Philosophy of Science 63 (5):S168-S176 (1996)

Attempts at quantification turn up in many areas within the modern courtroom, but nowhere more than in the realm of toxic tort law. Evidence, in these cases, is routinely presented in statistical form. The vagueness inherent in phrases such as 'balance of probabilities' and 'more likely than not' is reinterpreted to correspond to precise mathematical values. Standing alone these developments would not be a cause for great concern. But in practice courts and commentators have routinely mixed up incompatible quantities, leading to grave injustice. I argue that these confusions result from an unjustified assumption of universal causal determinism.
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DOI 10.1086/289949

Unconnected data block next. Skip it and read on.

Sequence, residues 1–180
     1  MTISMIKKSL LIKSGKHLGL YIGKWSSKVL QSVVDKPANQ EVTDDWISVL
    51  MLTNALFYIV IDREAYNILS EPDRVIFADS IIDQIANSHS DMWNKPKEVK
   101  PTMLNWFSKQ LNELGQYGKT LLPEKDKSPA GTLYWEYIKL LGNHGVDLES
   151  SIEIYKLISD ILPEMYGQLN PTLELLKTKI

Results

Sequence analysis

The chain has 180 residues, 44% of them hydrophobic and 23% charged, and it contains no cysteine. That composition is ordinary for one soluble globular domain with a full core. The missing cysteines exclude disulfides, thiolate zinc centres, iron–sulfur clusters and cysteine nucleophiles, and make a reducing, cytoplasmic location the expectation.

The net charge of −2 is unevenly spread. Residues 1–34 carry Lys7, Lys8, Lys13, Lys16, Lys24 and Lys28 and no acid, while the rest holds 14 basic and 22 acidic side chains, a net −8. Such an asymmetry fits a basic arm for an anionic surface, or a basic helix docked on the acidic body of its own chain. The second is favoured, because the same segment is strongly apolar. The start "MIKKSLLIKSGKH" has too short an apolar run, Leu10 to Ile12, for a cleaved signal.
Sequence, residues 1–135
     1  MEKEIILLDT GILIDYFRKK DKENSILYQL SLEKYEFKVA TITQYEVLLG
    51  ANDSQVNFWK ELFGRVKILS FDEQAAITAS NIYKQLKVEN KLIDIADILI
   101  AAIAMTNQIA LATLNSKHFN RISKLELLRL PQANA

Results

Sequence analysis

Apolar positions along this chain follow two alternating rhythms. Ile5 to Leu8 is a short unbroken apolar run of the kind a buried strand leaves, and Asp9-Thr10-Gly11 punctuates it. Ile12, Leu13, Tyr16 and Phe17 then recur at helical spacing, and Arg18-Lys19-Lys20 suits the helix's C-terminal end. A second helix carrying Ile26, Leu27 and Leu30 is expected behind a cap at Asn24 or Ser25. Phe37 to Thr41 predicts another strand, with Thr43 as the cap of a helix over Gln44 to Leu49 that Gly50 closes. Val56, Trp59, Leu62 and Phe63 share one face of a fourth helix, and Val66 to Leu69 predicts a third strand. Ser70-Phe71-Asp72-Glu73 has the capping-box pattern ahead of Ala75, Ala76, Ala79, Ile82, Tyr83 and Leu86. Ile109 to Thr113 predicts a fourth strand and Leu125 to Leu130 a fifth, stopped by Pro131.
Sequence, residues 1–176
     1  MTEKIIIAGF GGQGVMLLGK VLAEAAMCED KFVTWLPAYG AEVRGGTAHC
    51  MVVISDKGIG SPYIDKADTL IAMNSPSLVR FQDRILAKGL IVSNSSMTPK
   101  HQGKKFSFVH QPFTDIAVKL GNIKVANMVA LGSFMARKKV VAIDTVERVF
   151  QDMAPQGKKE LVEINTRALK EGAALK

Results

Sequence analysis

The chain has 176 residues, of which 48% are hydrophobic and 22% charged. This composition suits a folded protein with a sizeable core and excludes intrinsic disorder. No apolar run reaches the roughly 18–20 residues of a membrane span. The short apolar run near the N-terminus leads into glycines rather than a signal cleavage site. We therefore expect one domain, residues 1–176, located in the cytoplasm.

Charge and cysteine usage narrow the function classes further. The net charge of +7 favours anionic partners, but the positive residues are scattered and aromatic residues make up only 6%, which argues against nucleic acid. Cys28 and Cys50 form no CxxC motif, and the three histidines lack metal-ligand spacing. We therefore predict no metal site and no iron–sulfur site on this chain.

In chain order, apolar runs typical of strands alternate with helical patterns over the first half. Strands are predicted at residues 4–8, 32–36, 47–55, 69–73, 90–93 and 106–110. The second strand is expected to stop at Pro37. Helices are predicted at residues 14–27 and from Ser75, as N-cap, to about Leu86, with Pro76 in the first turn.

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The Environment and Disease: Association or Causation?Austin Bradford Hill - 1965 - Proceedings of the Royal Society of Medicine 58 (5):295-300.

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Probabilistic Measures of Causal Strength.Branden Fitelson & Christopher Hitchcock - 2011 - In Phyllis McKay Illari Federica Russo (ed.), Causality in the Sciences. Oxford University Press. pp. 600--627.

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